To help stimulate sales and operating efficiency, Marco recently instituted a profit-sharing bonus agreement for its employees, including top management. The impetus behind the profit-sharing agreement arose because employees had gone without raises for several years. The agreement bases employee bonuses on unaudited net income from last year to adjust employees’ salaries at the beginning of the next year. However, management will adjust future bonuses for any audit adjustments made after the bonuses are set, based on unaudited data. The firm sets a bonus pool based on five percent of operating income, which limits the total amount available to pay bonuses. Management bases individual bonuses on an employee’s position, length of service, and certain specific negotiated terms with individual officers.

Marco’s Board of Directors includes Drew Black, its current president; Dakota Amalia, the Controller; Harper Kim, the Secretary/Treasurer; two shareholders, each of whom own a five percent interest in the firm; and one retired CPA, Montana Green. While there is no audit committee, the board as a whole takes an active role in hiring and monitoring the firm’s outside auditor. It also relies on the leadership of Mr. Washington to determine the scope of the audit engagement. Mr. Washington was recruited to the Board last year because the prior president and Controller retired during the year and, therefore, the current president and Controller have been in their positions for less than one year. Management promoted the new Controller from within, but they recruited the new president from outside the firm.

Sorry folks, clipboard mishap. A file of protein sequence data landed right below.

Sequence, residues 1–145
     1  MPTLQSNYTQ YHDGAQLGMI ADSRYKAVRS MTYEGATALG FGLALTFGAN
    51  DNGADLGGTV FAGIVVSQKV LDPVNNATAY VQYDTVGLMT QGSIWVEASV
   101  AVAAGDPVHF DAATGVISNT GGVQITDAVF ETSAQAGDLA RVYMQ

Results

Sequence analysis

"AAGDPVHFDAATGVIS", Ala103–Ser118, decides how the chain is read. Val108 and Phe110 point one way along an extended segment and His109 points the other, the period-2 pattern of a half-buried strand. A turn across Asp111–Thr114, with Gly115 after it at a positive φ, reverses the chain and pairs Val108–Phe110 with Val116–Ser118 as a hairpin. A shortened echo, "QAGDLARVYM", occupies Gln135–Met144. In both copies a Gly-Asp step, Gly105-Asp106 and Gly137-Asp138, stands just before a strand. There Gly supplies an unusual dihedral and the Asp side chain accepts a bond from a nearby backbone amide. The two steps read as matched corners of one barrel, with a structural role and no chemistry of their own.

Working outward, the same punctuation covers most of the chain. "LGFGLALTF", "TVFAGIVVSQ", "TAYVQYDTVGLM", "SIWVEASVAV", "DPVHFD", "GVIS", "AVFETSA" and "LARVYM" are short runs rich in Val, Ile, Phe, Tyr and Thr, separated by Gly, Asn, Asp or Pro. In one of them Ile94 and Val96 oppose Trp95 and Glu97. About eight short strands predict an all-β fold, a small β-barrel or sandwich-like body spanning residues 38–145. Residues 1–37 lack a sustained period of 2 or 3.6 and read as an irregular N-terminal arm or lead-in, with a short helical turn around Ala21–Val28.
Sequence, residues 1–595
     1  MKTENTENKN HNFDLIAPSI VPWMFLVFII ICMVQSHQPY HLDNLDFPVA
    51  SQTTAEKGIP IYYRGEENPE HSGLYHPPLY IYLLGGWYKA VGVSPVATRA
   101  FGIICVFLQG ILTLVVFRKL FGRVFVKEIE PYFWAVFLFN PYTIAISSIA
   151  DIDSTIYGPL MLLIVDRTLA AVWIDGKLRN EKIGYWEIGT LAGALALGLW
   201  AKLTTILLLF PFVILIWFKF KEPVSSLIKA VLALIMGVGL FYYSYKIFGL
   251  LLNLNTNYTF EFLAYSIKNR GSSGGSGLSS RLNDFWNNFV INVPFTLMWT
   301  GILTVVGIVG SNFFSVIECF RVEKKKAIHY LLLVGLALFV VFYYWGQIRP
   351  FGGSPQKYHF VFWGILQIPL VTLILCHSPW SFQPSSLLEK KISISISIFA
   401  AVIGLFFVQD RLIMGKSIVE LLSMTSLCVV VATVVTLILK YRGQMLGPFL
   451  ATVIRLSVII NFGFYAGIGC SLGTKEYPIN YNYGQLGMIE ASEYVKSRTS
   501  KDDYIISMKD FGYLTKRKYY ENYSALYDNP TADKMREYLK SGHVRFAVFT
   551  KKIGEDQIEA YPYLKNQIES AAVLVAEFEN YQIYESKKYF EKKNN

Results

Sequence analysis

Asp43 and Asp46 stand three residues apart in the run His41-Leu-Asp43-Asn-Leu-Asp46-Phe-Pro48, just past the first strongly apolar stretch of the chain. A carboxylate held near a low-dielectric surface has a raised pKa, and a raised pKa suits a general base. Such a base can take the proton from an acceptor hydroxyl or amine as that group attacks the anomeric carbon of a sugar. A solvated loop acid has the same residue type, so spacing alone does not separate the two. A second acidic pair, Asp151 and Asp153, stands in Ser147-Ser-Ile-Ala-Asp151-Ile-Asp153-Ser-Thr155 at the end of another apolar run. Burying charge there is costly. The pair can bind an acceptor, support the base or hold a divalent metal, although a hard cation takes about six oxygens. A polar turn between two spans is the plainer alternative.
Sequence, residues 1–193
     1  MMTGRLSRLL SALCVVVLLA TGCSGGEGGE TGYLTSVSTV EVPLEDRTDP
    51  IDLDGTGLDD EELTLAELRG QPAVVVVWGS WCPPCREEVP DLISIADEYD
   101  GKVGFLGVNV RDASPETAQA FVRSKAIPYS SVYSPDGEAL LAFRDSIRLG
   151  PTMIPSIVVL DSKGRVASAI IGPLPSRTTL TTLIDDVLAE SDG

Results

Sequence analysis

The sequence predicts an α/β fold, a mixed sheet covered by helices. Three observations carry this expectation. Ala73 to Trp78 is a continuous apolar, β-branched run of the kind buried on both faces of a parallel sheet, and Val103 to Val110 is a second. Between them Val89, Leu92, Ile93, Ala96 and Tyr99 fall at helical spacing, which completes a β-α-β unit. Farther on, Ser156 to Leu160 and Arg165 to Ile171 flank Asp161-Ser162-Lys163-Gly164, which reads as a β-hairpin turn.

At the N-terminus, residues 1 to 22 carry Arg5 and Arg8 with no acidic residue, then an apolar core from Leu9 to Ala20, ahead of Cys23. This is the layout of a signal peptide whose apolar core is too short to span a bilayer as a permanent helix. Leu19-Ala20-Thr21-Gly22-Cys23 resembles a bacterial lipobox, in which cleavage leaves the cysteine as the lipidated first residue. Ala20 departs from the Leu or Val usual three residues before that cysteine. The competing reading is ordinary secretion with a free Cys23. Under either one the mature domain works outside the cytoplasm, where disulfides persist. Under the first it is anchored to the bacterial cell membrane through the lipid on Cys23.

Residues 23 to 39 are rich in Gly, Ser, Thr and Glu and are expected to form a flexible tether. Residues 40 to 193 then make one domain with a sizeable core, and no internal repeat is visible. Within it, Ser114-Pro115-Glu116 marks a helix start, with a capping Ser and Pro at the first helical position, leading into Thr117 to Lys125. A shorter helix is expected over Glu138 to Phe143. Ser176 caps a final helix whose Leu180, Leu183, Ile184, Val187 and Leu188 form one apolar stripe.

Marco selected a new auditor for this year’s audit engagement because their previous auditor had been with the company for five years. The Board felt it was time to seek new insights into their operations and preferred working with a more diverse audit firm. Further, they wanted to hire a larger auditing firm with a more established reputation to support their anticipated IPO.